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Suzuki Swift Sport review

Suzuki Swift Sport review

Acts don’t get much harder to follow than the outgoing Suzuki Swift Sport – a near-legendary pocket rocket.

Well, we’re pleased to report that the much-anticipated third generation Swift Sport doesn’t disappoint.

Based on the standard five-door supermini launched last year, the new Swift Sport is quicker, lighter, lower and wider than its predecessor.

It’s also much more distinctive with new body kit, a black grille framed by LED headlights, twin exhausts and 17-inch alloys.

Suzuki Swift Sport review

But the biggest difference is under the bonnet where the 1.6-litre normally aspirated petrol unit has been replaced by a turbocharged 1.4-litre Boosterjet, already available in the Vitara.

Even though the new engine has only slightly more grunt (138bhp compared to the previous model’s 136bhp), it’s the way it delivers that power that makes all the difference.

Suzuki claims there’s 44% more torque which means there’s plenty of pulling power from low down and you don’t have to work it so hard.

Suzuki Swift Sport review

This increased performance translates into decent figures too, though this is warm rather than hot hatch territory.

The new Swift Sport can hit 62mph from standstill in 8.1 seconds and reach a top speed of 130mph. Fuel economy is 47.1mpg under the new ‘real world’ testing regime, while CO2 emissions are at 135g/km.

Raw stats are one thing, what matters is how the power is delivered and the way a car handles, and it’s here that the Swift Sport excels.

The extra grunt is immediately obvious, but it’s not outrageous, making it both relaxed enough to potter around town and ferocious enough to fully exploit the most challenging of open roads.

Suzuki Swift Sport review

Thanks to the Swift’s new lightweight structure (it weighs just 975kg) and the eager engine’s smooth delivery, it’s still some of the most fun you will have on four wheels.

Brisker than the figures suggest, it’s agile, there’s little body roll and the ride is just right – not too firm and not too soft. The steering is a bit on the light side, but you soon adjust, while the brakes are suitably sharp and traction is superb. The only slight disappointment is the six-speed manual gearbox, which despite a shorter throw, isn’t always the sweetest changer.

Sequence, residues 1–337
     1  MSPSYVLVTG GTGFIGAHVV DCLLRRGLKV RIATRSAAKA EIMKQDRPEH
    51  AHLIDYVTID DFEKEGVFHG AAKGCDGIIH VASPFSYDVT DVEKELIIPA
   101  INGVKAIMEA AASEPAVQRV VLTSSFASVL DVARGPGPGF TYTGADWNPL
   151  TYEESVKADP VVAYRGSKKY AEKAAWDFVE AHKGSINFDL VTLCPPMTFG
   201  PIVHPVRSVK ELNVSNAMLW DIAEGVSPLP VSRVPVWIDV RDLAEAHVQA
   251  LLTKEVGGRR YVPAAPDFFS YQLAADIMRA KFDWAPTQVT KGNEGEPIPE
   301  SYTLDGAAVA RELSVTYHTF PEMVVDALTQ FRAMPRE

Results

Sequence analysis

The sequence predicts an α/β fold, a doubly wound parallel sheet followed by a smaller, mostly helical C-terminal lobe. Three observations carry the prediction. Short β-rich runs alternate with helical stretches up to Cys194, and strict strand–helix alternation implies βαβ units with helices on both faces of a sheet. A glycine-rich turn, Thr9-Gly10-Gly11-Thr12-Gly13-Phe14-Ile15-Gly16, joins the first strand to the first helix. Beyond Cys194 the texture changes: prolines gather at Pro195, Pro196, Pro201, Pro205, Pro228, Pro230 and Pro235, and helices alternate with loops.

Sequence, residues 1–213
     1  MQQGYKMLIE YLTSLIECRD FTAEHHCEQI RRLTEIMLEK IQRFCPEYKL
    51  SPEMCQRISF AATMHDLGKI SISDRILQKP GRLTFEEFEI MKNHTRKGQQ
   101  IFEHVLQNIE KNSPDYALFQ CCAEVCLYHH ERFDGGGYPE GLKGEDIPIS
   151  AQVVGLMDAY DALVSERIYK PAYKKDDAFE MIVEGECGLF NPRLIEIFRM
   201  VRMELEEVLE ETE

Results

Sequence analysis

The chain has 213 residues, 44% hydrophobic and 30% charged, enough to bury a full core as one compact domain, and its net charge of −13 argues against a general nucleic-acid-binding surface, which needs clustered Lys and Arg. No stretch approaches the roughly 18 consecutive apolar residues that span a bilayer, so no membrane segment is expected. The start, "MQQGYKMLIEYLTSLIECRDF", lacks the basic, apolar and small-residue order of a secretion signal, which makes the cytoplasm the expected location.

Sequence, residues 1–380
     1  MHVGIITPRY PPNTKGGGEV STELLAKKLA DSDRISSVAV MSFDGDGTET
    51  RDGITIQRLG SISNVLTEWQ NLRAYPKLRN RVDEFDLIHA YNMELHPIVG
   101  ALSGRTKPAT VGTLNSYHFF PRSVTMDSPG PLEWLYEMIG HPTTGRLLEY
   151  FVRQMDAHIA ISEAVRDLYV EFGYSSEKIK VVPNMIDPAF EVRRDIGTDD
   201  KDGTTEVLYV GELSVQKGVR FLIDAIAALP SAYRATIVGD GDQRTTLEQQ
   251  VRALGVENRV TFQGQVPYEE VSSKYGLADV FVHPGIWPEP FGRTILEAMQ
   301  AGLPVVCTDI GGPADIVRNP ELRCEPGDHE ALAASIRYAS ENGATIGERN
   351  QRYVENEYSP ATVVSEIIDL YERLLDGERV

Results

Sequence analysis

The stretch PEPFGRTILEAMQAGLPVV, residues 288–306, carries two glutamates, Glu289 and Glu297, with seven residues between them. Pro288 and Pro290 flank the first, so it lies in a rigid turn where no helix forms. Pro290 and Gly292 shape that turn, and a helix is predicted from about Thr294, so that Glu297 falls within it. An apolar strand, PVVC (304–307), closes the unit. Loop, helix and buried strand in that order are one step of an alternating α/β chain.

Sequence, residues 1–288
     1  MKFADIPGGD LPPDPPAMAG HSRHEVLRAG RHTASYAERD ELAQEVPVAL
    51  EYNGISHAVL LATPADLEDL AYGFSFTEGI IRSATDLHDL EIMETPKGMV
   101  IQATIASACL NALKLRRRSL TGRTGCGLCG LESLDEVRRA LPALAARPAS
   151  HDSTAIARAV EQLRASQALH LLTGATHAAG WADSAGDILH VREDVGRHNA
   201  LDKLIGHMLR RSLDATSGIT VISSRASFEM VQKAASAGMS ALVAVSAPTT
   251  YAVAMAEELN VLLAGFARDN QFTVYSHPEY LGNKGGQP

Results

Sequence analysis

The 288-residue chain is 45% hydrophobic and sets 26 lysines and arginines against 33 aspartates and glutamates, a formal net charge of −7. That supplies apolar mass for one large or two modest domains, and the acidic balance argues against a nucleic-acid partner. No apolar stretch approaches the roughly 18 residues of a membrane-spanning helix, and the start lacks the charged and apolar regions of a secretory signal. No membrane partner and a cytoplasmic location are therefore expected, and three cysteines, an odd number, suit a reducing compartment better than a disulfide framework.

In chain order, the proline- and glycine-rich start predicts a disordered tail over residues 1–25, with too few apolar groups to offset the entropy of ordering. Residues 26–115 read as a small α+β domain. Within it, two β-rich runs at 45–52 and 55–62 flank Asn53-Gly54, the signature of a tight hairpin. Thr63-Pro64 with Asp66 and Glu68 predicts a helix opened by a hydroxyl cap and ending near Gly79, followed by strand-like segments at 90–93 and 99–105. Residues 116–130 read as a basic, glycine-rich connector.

The new Swift Sport is available in just one trim level and it comes fully loaded. Standard equipment includes a special interior trim with red accents, semi bucket seats, a 7.0-inch touchscreen infotainment system that includes Apple CarPlay, Android Auto and MirrorLink, climate control, privacy glass, DAB radio with Bluetooth and six speakers, LED daytime running lights and body-coloured door mirrors.

Suzuki Swift Sport review

There’s even a new colour available, but only choose Champion Yellow if you want to stand out from the crowd.

It also comes with stacks of safety tech including autonomous emergency braking (AEB), lane departure warning, adaptive cruise control, automatic dipping headlights, driver alertness monitoring and hill hold control, plus six airbags.

Just like its standard spec sibling, inside there’s plenty of room for adults front and rear, while the boot is a respectable 265 litres (579 litres with the backs seats flat) and there are lots of small storage spaces dotted around the cabin.

Suzuki Swift Sport review

It’s fair to say that the interior is durable rather than plush with plenty of hard black plastic on display, but the design is simple and effective and all the controls and switchgear seem well placed.

Verdict: Frankly, the all-new Suzuki Swift Sport is hard to fault. It’s huge fun to drive, yet practical and economical.

The only fly in the ointment is its new price point of £17,999 which means that it’s not quite the bargain the outgoing car used to be. So with the basic spec model of the new Ford Fiesta ST starting at £18,995, this presents something of a dilemma for prospective buyers, though Suzuki rightly points out that the Swift Sport comes fully-loaded.

Stop Press: You can buy the Suzuki Swift Sport during June 2018 in the UK for £16,499 – a £1,500 saving.

Find out more at Suzuki Cars

Suzuki Swift Sport review

About Gareth Herincx

Gareth is a versatile journalist, copywriter and digital editor who's worked across the media in newspapers, magazines, TV, teletext, radio and online. After long stints at the BBC, GMTV and ITV, he now specialises in motoring.

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